Redis is an in-memory key-value store known for its flexibility, performance, and wide language support. In this guide, we will demonstrate how to install and configure Redis on an Ubuntu 16.04 server.
To complete this guide, you will need access to an Ubuntu 16.04 server. You will need a non-root user with
sudo privileges to perform the administrative functions required for this process. You can learn how to set up an account with these privileges by following our Ubuntu 16.04 initial server setup guide.
When you are ready to begin, log in to your Ubuntu 16.04 server with your
sudo user and continue below.
Install the Build and Test Dependencies
In order to get the latest version of Redis, we will be compiling and installing the software from source. Before we download the code, we need to satisfy the build dependencies so that we can compile the software.
To do this, we can install the
build-essential meta-package from the Ubuntu repositories. We will also be downloading the
tcl package, which we can use to test our binaries.
We can update our local
apt package cache and install the dependencies by typing:
- sudo apt-get update
- sudo apt-get install build-essential tcl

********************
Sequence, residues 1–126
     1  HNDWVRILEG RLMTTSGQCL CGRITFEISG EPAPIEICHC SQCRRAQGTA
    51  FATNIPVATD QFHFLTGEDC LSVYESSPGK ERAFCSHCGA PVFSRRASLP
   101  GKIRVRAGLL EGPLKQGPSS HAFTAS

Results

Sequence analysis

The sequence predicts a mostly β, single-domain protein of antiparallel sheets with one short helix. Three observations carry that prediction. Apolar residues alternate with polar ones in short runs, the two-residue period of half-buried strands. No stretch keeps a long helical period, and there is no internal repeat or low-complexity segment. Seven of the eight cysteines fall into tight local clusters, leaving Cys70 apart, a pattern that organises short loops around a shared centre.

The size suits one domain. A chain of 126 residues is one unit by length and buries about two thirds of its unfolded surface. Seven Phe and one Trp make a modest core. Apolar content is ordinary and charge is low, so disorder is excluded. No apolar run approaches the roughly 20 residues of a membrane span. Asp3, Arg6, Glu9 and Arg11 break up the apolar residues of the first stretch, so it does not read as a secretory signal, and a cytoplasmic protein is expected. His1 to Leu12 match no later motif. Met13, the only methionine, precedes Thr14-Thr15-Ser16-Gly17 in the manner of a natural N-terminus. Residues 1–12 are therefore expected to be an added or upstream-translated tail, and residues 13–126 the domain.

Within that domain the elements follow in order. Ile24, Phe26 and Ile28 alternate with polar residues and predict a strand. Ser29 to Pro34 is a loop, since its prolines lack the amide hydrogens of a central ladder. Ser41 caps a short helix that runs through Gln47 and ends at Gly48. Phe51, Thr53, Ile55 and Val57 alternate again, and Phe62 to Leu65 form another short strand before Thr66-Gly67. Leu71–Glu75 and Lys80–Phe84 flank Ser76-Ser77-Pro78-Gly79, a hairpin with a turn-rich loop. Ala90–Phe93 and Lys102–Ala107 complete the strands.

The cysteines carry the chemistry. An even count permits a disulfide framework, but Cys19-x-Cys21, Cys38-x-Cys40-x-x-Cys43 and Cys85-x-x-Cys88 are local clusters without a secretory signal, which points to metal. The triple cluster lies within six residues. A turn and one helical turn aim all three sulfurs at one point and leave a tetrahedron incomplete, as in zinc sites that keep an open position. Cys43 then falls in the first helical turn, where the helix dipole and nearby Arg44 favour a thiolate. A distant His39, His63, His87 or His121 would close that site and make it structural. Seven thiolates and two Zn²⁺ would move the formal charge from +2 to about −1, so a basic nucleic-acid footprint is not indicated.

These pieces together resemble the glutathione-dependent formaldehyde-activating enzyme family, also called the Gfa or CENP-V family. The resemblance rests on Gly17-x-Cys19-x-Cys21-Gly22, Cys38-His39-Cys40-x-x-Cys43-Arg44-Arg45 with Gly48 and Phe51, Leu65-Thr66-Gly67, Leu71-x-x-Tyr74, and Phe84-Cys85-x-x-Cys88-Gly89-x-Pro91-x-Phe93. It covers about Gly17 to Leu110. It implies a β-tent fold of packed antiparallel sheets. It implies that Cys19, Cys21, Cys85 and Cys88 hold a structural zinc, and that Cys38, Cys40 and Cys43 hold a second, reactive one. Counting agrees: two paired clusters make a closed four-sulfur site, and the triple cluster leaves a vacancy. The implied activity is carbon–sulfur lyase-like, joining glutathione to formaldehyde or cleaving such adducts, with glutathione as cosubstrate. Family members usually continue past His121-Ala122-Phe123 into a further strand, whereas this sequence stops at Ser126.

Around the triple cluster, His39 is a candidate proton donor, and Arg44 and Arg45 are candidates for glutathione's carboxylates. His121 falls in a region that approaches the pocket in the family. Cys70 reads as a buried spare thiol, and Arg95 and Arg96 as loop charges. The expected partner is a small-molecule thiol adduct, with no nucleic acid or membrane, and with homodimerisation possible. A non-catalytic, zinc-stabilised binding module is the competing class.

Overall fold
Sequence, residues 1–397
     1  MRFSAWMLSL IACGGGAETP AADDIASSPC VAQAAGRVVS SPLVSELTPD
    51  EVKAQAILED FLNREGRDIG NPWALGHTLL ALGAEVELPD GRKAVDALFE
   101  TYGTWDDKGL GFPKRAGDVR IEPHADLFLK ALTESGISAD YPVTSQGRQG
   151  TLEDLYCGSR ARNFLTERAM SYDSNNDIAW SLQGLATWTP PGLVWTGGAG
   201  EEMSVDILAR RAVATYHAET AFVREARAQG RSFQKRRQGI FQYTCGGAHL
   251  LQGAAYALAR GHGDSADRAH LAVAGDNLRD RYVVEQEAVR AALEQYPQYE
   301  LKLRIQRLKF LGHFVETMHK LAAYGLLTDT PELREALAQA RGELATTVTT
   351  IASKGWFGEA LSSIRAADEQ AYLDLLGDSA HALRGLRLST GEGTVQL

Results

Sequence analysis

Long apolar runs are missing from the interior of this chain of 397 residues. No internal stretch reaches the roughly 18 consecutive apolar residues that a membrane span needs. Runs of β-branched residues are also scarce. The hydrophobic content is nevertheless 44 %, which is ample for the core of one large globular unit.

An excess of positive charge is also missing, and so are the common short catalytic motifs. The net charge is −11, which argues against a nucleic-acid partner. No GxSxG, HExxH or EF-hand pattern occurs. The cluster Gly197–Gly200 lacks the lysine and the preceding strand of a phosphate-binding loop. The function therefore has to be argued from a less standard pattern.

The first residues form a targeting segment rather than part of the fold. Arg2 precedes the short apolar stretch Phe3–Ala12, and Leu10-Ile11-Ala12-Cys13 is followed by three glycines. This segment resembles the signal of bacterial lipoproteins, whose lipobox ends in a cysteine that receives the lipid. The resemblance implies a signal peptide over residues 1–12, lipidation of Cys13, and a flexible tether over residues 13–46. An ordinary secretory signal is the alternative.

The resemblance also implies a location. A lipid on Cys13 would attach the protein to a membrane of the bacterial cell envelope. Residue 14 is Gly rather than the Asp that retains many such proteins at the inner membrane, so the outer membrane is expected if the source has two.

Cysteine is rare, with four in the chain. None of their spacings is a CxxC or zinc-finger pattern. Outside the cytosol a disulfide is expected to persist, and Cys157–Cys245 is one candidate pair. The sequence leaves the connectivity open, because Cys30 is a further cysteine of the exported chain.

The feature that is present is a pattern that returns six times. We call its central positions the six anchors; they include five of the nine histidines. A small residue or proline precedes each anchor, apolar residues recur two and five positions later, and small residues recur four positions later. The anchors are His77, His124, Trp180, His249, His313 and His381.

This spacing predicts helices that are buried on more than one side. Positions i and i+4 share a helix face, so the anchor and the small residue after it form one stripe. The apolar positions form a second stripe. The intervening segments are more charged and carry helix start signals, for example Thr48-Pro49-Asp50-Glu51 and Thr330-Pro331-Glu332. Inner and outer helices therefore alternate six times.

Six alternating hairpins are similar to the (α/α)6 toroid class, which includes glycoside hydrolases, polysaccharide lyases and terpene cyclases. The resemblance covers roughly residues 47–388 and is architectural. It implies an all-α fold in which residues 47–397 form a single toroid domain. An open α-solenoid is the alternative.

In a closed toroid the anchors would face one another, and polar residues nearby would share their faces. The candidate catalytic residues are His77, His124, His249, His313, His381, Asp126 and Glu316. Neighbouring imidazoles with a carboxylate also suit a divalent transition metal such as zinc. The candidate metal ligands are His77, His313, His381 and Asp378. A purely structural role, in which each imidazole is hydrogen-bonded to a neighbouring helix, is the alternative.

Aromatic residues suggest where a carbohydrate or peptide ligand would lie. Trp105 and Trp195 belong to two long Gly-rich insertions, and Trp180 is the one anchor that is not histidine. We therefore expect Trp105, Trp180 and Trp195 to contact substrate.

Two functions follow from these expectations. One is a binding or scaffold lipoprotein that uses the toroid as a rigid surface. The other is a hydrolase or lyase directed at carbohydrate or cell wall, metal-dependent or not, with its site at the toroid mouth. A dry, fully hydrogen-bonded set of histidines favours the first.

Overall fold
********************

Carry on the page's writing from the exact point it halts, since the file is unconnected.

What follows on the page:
Download, Compile, and Install Redis
Next, we can begin to build Redis.
Download and Extract the Source Code
Since we won’t need to keep the source code that we’ll compile long term (we can always re-download it), we will build in the
/tmp directory. Let’s move there now:
- cd /tmp
Now, download the latest stable version of Redis. This is always available at a stable download URL:
Unpack the tarball by typing:
- tar xzvf redis-stable.tar.gz
Move into the Redis source directory structure that was just extracted:
- cd redis-stable
Build and Install Redis
Now, we can compile the Redis binaries by typing:
After the binaries are compiled, run the test suite to make sure everything was built correctly. You can do this by typing:
- make test
This will typically take a few minutes to run. Once it is complete, you can install the binaries onto the system by typing:
- sudo make install
Now that Redis is installed, we can begin to configure it.
To start off, we need to create a configuration directory. We will use the conventional
/etc/redisdirectory, which can be created by typing:
- sudo mkdir /etc/redis
Now, copy over the sample Redis configuration file included in the Redis source archive:
- sudo cp /tmp/redis-stable/redis.conf /etc/redis
Next, we can open the file to adjust a few items in the configuration:
- sudo nano /etc/redis/redis.conf
In the file, find the
supervised directive. Currently, this is set to
no. Since we are running an operating system that uses the systemd init system, we can change this to